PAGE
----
Written by Sr. Solutions Engineer, Micah Maryn.

Most folks around the Washington DC beltway have heard the cybersecurity Executive Order (EO 13800 - Strengthening the Cybersecurity of Federal Networks and Critical Infrastructure) referred to as a simple risk assessment. But the reality is that it is much more about broadly modernizing federal IT infrastructure and improving the cybersecurity of our federal networks. Sure, the first step is a risk management report, but the next focuses on procurement of shared IT, including cloud and cybersecurity services.

"Don't work for recognition, but do work worthy of recognition" - H. Jackson Brown.

A friend sent this quote to me after I explained to her my ambivalence about being recognized by Gartner as a "Leader" in their Web Application Firewall Magic Quadrant.  I had mixed feelings because I wanted to believe that I knew the market, I knew our competitors, and I certainly already knew what our customers were telling us about our Web Application Firewall.  Our customers are happy.  The product is getting better.  Market share is growing in a growing market.  I didn't need someone else to tell me we were a leader!   In other words, like most - if not all - of my colleagues and friends, I want to feel intrinsic pride in the work that I do.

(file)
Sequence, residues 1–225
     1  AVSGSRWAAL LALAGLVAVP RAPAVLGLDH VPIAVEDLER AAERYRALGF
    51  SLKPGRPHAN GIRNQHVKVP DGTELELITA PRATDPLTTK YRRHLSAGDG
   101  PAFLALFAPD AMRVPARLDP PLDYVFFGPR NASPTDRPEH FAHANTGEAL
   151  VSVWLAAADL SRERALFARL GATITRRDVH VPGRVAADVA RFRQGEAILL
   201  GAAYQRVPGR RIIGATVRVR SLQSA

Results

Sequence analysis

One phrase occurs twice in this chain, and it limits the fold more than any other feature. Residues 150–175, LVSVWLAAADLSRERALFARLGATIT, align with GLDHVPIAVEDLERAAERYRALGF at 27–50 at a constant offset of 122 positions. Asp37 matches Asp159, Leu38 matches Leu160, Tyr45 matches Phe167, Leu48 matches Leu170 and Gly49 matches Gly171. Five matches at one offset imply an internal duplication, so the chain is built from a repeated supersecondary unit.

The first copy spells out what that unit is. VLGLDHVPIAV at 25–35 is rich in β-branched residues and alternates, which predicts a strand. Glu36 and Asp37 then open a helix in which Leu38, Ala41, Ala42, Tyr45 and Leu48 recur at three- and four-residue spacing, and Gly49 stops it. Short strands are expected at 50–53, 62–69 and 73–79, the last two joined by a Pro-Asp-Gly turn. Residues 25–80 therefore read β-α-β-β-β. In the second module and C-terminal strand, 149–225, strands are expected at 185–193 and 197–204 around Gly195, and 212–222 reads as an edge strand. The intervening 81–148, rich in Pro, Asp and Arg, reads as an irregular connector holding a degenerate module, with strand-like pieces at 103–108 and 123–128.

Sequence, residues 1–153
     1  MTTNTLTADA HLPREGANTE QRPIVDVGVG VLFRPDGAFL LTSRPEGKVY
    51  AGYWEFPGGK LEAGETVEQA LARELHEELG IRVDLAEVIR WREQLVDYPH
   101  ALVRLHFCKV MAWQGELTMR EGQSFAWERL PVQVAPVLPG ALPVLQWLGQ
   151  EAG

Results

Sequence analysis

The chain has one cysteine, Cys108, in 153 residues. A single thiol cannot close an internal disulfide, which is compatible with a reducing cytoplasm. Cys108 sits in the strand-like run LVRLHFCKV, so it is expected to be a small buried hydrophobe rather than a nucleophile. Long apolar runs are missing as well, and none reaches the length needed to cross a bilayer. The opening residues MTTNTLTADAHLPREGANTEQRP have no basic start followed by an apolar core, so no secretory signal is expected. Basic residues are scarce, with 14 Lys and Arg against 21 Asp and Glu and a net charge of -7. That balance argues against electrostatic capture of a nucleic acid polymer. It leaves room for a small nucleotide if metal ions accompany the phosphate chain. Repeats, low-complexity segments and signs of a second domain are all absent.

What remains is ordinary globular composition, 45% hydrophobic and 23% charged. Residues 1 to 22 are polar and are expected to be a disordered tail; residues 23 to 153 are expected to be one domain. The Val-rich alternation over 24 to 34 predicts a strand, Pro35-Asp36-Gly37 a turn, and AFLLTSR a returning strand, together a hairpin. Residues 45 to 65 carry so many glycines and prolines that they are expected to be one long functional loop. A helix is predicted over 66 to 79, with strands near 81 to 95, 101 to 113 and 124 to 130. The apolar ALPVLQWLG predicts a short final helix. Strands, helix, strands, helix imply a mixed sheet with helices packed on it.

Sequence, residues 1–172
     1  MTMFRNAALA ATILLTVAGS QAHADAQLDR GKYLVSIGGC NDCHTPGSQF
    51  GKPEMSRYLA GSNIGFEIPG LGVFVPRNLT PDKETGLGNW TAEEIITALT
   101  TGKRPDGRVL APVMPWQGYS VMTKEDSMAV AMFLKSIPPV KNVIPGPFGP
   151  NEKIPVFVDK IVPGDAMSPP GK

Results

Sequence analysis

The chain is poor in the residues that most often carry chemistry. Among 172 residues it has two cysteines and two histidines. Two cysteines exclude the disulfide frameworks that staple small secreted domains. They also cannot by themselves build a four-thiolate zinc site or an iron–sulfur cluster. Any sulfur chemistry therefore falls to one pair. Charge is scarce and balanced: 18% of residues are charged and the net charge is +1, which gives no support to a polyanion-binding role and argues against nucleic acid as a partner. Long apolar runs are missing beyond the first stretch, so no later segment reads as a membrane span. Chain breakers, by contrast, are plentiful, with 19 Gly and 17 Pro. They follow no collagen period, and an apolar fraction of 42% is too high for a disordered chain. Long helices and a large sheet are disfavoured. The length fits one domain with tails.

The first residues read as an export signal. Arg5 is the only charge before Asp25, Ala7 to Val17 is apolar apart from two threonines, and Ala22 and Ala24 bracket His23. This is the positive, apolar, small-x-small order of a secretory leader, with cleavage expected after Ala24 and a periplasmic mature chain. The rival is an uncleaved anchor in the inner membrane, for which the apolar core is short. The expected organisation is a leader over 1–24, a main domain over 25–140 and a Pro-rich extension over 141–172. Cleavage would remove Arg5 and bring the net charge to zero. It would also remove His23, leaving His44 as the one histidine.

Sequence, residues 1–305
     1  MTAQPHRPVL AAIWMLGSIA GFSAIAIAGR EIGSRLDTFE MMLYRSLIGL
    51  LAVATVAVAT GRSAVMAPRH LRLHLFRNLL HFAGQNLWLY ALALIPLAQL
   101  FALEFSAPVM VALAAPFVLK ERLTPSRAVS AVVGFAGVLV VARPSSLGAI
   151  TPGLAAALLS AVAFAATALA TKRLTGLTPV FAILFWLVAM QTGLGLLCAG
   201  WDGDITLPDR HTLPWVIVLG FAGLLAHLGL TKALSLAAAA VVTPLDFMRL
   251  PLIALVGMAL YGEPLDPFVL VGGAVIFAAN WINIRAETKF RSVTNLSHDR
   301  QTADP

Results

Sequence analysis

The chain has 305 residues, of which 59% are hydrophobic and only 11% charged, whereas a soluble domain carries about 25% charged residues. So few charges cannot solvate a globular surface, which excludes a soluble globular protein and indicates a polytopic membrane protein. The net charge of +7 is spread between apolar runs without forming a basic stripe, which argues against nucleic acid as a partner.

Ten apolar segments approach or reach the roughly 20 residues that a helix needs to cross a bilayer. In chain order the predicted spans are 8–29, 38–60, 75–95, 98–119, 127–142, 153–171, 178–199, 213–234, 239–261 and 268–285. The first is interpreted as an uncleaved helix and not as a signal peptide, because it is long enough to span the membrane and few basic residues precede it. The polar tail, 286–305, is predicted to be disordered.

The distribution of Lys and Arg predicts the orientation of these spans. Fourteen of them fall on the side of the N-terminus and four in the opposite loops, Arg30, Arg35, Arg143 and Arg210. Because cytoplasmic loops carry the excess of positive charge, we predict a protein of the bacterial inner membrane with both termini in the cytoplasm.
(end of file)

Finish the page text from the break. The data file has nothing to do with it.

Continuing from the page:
Congratulations to TalkTalk, who were just named the number one provider in the UK for Fibre Broadband response times by the SamKnows industry benchmark. How did they accomplish this? With the support of Nominum's, now part of Akamai, carrier-class DNS software solution, CacheServe.

Written by Lisa Adams

The Girls Who Code Summer Immersion program at Akamai Technologies is off to a great start! During Week 1 we welcomed the class of 20 girls and the teaching team of three instructors from Girls Who Code. The girls began learning how to program in the Scratch language, and already gave impressive demonstrations using their new skills! We also conducted the Meet and Greet event, which was well attended by the girls, the teaching team, the girls' parents and supporters, and the Akamai organizing team and mentor groups. The event featured a talk by Dr. Tom Leighton, Akamai's co-founder and CEO, where Dr. Leighton shared his excitement about Akamai's hosting the Girls Who Code for a third consecutive year. Dr. Leighton told the audience: "You are going to make a difference, even if you don't know it yet. You will define the future."

In an earlier blog, "Remote Access no longer needs to be Complex and Cumbersome", I wrote about the new game-changing remote access solution available from Akamai called Enterprise Application Access (EAA). My thesis was that in our cloud-first, mobile-dominated world, providing access to behind-the-firewall applications need not be as complex as with today's traditional DMZ/VPNs infrastructure.